Study finds that marriage helps men live longer, but causes women to die younger
Turns out single, childless women are the happiest in the world.
Listen, we're not saying that just because you're in a relationship, it automatically means that one of you is better off because of it, while the other silently seethes at your every breath.
That isn't for us to say. We're not love scientists.
However, Paul Dolan is an actual Love Scientist - or, as he prefers to be called, a professor of behavioural science at the London School of Economics - and his new book Happy Ever After makes for some eye-opening reading for certain couples out there.
While there are always going to be outliers in the equation, some head-over-heels in love exceptions to the rule, by-and-large, his research has shown that while marriage is pretty great for men, it is actually pretty bad for women.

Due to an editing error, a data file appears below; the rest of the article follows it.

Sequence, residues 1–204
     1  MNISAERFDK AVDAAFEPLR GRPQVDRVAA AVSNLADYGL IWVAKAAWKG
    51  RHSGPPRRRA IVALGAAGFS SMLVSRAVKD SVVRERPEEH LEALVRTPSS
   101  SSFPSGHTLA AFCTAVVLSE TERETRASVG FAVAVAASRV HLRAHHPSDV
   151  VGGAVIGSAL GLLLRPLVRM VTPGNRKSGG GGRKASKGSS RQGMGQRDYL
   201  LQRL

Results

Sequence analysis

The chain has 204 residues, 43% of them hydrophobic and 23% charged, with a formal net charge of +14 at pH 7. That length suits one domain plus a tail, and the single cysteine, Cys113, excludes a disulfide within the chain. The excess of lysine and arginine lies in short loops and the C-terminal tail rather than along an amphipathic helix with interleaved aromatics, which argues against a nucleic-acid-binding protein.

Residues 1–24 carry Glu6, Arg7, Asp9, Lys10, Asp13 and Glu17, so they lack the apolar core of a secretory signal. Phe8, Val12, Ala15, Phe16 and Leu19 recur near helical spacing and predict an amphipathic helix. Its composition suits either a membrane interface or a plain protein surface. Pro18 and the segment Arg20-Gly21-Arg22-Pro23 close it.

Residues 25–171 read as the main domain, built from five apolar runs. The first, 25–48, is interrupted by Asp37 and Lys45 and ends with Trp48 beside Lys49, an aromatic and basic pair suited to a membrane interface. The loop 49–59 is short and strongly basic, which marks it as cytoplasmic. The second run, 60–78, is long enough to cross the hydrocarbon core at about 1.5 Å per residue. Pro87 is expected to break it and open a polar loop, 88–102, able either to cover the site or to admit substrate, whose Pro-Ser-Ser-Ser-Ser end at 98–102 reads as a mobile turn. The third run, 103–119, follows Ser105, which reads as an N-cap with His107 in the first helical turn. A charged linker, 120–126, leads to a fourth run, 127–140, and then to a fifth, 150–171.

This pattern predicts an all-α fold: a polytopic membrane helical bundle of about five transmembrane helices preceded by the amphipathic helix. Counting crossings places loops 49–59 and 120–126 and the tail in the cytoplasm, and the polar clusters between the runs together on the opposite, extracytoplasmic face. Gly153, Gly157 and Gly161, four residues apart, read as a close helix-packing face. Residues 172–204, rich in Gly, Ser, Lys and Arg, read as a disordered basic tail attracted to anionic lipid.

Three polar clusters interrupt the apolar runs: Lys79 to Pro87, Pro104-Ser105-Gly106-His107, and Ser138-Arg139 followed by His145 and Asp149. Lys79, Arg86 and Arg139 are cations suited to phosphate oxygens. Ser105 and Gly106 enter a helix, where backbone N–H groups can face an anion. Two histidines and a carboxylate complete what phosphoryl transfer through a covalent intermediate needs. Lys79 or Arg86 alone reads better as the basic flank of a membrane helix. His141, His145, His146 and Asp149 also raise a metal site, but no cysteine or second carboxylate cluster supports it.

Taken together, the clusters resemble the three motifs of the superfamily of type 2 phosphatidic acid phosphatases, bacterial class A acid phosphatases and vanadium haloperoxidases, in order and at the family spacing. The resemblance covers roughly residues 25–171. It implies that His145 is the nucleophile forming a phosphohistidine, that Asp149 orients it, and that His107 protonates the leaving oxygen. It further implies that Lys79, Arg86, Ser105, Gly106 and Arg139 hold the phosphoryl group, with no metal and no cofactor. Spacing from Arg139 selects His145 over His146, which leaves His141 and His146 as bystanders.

Earlier this year, Dolan told The Guardian:
"We do have some good longitudinal data following the same people over time, but I am going to do a massive disservice to that science and just say: if you’re a man, you should probably get married; if you’re a woman, don’t bother.
"[Men calm down], take less risks, earn more money at work, and live a little longer. [Women], on the other hand, has to put up with that, and dies sooner than if she never married. The healthiest and happiest population subgroup are women who never married or had children."
We're not here to judge your life choices, perhaps single and childless was your plan all along, in which case, enjoy your healthy and happy and long life!
However, it is bad news for those already in a marriage, especially considering what Dolan had to say specifically about them:
"Married people are happier than other population subgroups, but only when their spouse is in the room when they’re asked how happy they are. When the spouse is not present: fucking miserable."